Reflections: has a lot, but a newsletter signup was not one that I could find. I wanted to mention this website/brewery because I really love what they're doing with "Beau's Points".  By putting point coupons on each 4-pack, they're really helping to build their brand loyalty, because fans will keep buying the 4pack's of Beau's to collect points, and redeem them for Beau's swag (some of which is clothing swag, that of course acts as a promotional tool for them).

Flying Monkey's Craft Brewery
Reflections: If the goal is to get my head to explode, mission accomplished Flying Monkey's website. I love your beer, oh so much, but navigating through your website is like trying to read a child's drawings on a wall as if they were some sort of ancient hieroglyphics.
Right, I couldn't find a newsletter signup.

Mill Street Brewery
Reflections: I scoured and for the life of me couldn't find a newsletter sign up anywhere in the pretty, new, flash website.

Tuesday, April 24, 2012

Beer, Served Better

Recently I had an experience at a restaurant in which I was served a beer that had gone bad. Steve Riley of commented on my post, and I was ecstatic to learn of the services provided by Better Beer®.

Better Beer® was established by Steve Riley - one of the few Certified Cicerone®'s (beer connoisseurs) in the world. Through the Cicerone® Certification program, one learns of everything one would need to know about beer storage, styles, flavours, flaws, brewing, and food pairings. It takes a dedicated, true beer lover to achieve this certification level, and Riley's dedication is definitely shown through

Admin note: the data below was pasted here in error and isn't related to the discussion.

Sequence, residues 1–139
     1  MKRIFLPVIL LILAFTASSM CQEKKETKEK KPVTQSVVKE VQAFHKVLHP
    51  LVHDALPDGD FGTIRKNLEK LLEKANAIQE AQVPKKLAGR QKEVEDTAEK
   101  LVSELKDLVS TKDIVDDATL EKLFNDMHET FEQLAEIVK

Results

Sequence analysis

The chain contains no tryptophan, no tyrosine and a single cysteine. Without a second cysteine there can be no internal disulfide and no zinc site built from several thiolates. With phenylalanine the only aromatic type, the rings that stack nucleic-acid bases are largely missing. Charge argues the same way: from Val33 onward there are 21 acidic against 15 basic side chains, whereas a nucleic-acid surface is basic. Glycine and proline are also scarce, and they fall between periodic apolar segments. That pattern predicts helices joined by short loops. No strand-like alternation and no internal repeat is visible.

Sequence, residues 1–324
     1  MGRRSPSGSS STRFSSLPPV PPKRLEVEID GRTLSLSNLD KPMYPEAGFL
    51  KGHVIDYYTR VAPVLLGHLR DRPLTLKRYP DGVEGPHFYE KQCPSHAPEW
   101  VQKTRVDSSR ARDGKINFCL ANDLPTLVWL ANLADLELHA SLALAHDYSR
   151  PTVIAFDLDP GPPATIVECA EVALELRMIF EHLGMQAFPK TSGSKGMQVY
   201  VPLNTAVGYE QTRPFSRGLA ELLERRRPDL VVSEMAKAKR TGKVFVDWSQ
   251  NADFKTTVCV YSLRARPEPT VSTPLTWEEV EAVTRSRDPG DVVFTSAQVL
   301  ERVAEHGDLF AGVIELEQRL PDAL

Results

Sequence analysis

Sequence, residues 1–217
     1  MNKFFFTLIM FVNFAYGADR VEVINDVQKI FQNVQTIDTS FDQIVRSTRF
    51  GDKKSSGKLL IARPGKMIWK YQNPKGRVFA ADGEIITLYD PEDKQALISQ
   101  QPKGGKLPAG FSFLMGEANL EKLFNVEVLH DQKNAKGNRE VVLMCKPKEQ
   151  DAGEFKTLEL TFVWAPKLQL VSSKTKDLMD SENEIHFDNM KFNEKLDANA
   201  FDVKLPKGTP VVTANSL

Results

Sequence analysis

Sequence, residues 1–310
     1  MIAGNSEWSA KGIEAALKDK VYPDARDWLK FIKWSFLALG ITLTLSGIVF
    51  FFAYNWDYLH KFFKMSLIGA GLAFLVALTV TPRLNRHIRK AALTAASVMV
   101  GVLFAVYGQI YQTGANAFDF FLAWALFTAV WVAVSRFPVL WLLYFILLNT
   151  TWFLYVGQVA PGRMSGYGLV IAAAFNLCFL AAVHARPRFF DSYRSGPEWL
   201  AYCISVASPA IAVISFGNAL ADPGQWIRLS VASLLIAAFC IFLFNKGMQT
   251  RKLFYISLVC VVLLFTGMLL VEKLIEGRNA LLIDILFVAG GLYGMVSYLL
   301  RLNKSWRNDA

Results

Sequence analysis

As a fellow beer drinker who dislikes drinking beer that has gone bad, Steve Riley put together a team of trained beer and restaurant auditors who test and "Better Beer® certify" bars and restaurants in Ontario each month. He is not only helping the good beer cause, but is also training staff, workers, reps, etc in quality draught beer serving, so others can be part of the quality process as well.

The "Better Beer® certified" establishments in Ontario are listed on Better Beer®'s website, which includes a call to action to beer lovers: "Don't see your favourite spot listed? We'll call them."
Asking Better Beer® to contact your fave watering hole to see if they'd like to be Better Beer® certified doesn't necessarily guarantee they'll go for it, but the odds are greatly increased if you do. You never know - if your fave pub hears about Better Beer® and wants nothing more than to learn how to provide proper quality draught beer to you, you win. You can also keep winning by sending back bottles of beer and draught beer that's gone bad when you're out at bars or restaurants. If the bars don't know they're doing something wrong, they'll just continue to do it.

That was a lot of ®'s.
I think I want one...

Linda Lee®.


Sunday, April 15, 2012

Do you Believe in Magic?

I do, but not in the pull-a-rabbit-out-of-a-hat kind of way. I believe in man-made magic.

I believe in The Magic of Beer.

The Blue Economy is an organization that began as a research project in 1994. It was based on using Nature's Design Principles to find sustainable solutions for society. Its purpose now, is to develop and test business models that can be implemented into society with positive affects on the three pillars of sustainability - social, environmental, and economical.